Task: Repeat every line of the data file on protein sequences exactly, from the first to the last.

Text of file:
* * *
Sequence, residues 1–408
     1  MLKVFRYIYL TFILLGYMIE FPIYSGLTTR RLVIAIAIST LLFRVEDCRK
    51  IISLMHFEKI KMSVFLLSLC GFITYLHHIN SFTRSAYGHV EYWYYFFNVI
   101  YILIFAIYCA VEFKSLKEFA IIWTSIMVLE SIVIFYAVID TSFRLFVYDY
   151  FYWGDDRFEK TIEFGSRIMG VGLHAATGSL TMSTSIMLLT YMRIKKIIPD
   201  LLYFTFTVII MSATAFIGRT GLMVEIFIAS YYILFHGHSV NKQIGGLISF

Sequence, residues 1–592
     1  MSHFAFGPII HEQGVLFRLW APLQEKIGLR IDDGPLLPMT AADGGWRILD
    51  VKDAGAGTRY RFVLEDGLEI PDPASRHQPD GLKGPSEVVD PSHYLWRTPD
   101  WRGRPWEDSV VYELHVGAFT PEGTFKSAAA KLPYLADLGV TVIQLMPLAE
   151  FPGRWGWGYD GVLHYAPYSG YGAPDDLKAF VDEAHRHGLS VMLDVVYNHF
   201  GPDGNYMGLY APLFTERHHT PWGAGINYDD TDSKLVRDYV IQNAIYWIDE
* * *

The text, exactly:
Sequence, residues 1–408
     1  MLKVFRYIYL TFILLGYMIE FPIYSGLTTR RLVIAIAIST LLFRVEDCRK
    51  IISLMHFEKI KMSVFLLSLC GFITYLHHIN SFTRSAYGHV EYWYYFFNVI
   101  YILIFAIYCA VEFKSLKEFA IIWTSIMVLE SIVIFYAVID TSFRLFVYDY
   151  FYWGDDRFEK TIEFGSRIMG VGLHAATGSL TMSTSIMLLT YMRIKKIIPD
   201  LLYFTFTVII MSATAFIGRT GLMVEIFIAS YYILFHGHSV NKQIGGLISF

Sequence, residues 1–592
     1  MSHFAFGPII HEQGVLFRLW APLQEKIGLR IDDGPLLPMT AADGGWRILD
    51  VKDAGAGTRY RFVLEDGLEI PDPASRHQPD GLKGPSEVVD PSHYLWRTPD
   101  WRGRPWEDSV VYELHVGAFT PEGTFKSAAA KLPYLADLGV TVIQLMPLAE
   151  FPGRWGWGYD GVLHYAPYSG YGAPDDLKAF VDEAHRHGLS VMLDVVYNHF
   201  GPDGNYMGLY APLFTERHHT PWGAGINYDD TDSKLVRDYV IQNAIYWIDE